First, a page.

Researchers Reveal the Importance of Passive Control in Noisy Quantum Hardware

  • [2019-11-15]

    Quantum systems can be exploited for disruptive technologies but in practice, quantum features are fragile due to noisy environments. The process of decoherencestands as one of the major obstacles in realizing scalablequantum technologies.

    Quantum coherence is a crucial resource for quantum information processing, which is a basis-dependent property that is known to exhibit resilience to certain types of Markovian noise. Yet, it is still unclear whether this resilience can be relevant in practical tasks.

    Recently, the team led by Prof. GUO Guangcan from the University of Science and Technology of China of the Chinese Academy of Sciences first demonstrated the resilient effect of optical quantum coherence to transversal noise, and further verified that the measurement precision of entangled Greenberger-Horne-Zeilinger (GHZ) state probes in transverse noise can still beat the standard quantum limit. The study was published iin Physical Review Letters on November 1st, 2019.

    In the study, they investigated the resilient effect of quantum coherence and metrology against transversal noise (the noise is concentrated along a direction perpendicular to signal).

    The team first demonstrated the frozen quantum coherence in a four-photon GHZ state when subject to transversal noise. They also observed that the quantum Fisher information of the evolved noisy GHZ state is also remain unchanged. This means the measurement precision will not decrease when using such a noisy GHZ state for parameter estimation.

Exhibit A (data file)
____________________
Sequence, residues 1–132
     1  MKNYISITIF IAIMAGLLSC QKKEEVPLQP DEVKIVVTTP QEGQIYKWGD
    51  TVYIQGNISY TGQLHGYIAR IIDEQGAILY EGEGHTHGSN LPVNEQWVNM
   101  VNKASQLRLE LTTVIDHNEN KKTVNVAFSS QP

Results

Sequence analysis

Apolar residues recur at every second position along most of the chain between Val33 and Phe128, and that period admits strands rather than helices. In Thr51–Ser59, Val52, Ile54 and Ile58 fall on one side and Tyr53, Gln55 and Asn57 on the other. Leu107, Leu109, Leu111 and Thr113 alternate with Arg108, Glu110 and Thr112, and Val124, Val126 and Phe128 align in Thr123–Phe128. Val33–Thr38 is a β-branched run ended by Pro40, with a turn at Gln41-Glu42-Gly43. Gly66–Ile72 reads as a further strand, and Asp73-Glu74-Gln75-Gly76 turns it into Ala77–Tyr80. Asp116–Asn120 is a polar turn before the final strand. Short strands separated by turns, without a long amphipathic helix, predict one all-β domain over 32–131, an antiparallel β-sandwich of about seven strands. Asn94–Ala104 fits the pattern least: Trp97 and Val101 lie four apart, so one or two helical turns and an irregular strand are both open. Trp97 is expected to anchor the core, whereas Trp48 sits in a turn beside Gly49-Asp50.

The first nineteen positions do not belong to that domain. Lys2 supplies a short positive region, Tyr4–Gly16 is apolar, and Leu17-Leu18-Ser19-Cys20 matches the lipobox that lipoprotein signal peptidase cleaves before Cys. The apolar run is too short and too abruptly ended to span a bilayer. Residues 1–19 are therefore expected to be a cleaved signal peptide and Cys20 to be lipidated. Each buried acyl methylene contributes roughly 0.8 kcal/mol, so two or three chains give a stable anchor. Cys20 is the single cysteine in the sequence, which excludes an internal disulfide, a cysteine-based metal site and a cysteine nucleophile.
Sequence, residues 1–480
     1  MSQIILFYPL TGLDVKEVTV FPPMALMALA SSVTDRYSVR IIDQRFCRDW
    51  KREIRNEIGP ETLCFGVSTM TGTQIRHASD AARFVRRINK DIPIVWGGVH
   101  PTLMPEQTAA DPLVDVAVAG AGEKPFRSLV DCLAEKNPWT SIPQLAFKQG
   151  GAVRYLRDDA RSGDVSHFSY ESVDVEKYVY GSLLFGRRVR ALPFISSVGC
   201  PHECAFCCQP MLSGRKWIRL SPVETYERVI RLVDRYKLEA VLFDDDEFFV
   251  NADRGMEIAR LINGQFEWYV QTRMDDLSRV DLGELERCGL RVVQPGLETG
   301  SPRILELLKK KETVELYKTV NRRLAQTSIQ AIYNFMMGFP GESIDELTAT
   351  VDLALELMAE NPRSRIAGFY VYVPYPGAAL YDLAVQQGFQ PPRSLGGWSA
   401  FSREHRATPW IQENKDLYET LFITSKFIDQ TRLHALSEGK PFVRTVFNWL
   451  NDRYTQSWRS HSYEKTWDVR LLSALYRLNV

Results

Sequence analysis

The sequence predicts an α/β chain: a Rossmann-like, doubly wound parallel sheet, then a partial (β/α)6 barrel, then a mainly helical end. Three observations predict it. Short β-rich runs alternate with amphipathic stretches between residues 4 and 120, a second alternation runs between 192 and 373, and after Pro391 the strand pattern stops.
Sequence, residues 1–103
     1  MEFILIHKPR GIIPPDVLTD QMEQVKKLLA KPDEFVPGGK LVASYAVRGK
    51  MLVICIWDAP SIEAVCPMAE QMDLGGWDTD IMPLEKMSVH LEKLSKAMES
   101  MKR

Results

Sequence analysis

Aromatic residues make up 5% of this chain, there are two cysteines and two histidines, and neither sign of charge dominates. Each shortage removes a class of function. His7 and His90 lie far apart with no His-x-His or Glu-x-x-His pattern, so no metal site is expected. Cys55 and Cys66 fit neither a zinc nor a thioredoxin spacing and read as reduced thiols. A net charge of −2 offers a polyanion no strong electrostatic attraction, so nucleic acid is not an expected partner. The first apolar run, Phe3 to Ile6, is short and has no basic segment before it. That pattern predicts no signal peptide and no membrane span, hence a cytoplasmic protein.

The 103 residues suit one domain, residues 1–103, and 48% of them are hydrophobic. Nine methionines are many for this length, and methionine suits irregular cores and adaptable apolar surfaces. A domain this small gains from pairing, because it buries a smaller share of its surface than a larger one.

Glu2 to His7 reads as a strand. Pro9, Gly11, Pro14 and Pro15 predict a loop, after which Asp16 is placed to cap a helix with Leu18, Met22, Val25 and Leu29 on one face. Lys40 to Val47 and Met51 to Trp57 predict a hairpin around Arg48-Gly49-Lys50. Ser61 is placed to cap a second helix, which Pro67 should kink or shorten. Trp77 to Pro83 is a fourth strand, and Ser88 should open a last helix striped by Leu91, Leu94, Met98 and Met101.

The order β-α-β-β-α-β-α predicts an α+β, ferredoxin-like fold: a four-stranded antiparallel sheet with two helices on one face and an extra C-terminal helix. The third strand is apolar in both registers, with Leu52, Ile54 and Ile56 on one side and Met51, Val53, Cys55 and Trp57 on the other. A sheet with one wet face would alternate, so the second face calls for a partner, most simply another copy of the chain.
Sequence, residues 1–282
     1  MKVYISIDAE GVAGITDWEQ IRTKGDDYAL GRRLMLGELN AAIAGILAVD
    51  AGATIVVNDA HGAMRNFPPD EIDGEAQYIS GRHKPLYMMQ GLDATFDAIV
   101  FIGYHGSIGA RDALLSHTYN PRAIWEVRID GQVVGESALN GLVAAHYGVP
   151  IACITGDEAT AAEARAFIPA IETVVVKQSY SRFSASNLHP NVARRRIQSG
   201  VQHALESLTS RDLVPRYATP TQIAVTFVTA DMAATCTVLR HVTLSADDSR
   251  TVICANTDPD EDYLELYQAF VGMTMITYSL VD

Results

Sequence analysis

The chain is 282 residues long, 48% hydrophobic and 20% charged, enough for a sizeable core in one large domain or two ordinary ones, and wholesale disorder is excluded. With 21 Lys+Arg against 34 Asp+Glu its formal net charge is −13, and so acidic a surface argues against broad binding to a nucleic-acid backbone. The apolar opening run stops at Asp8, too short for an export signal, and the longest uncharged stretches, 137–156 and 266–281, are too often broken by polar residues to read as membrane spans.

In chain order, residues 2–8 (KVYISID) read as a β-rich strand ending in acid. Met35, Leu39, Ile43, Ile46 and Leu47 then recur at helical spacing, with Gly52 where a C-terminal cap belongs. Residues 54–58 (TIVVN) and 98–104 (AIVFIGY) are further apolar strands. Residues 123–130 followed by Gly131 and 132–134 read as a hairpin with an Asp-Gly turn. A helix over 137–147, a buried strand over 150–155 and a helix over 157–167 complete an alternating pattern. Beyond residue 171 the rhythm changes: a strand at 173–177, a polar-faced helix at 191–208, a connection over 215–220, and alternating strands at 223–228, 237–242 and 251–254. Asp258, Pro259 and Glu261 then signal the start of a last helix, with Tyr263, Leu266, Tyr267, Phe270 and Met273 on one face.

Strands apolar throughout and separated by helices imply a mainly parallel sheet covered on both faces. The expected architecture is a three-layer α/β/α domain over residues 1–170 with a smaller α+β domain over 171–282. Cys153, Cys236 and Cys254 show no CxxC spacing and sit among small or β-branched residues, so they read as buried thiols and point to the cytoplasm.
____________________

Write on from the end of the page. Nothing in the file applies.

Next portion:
The experimental setup (Image by Chao Zhang et al.)

    The experimental results of the log-log plot of the mean-squared error. The results (red dots) are all sandwiched by the SQL and HL bounds, indicating an intermediate scaling. The red dashed line shows the theoretical predictions with ideal probes and channels. (Image by Chao Zhang et al.)

    The team further considered a more realistic scenario in which the noise occurs simultaneously with the signal, the results showed that even subject to a noise strength of equal magnitude to the signal, the standard quantum limit (the limit of classical system can be achieved) can still be surpassed by using photonic GHZ states up to six-qubit, showing the superiority of the passive noise control scheme.

    The experimental results also confirm that in the case of parallel noise, the entangled GHZ probe will not show any quantum advantage.

    The researchers revealed the preservation of quantum coherence in a photonic GHZ state. They showed the resource power of such resilient quantum coherence by surpassing the standard quantum limit in a noisy quantum metrology task. This is a fundamental step towards anti-noise quantum sensing, bearing a profound impact on a broad range of scientific and industrial applications.

    This work demonstrates the feasibility of passive noise control scheme, which is an important step toward anti-noise quantum metrology, and may help to design more efficient noise control schemes.

    In particular, they demonstrate when the noise is concentrated along a direction perpendicular to the signal, a quantum-enhanced precision of parameter estimation can be achieved by using GHZ probes; while for a parallel configuration, no quantum advantage can be achieved.

    Future perspectives can be to combine passive noise control schemes with active error correction in metrology, and finally construct efficient quantum metrology protocols in realistic, noisy settings. It would also be extremely attractive to find other applications which can harness the natural resilient effect of quantum resources against decoherence, especially in quantum computation.

    Paper link:

    (Written by LI Xiaoxi, edited by LU Hongyu, USTC news center)



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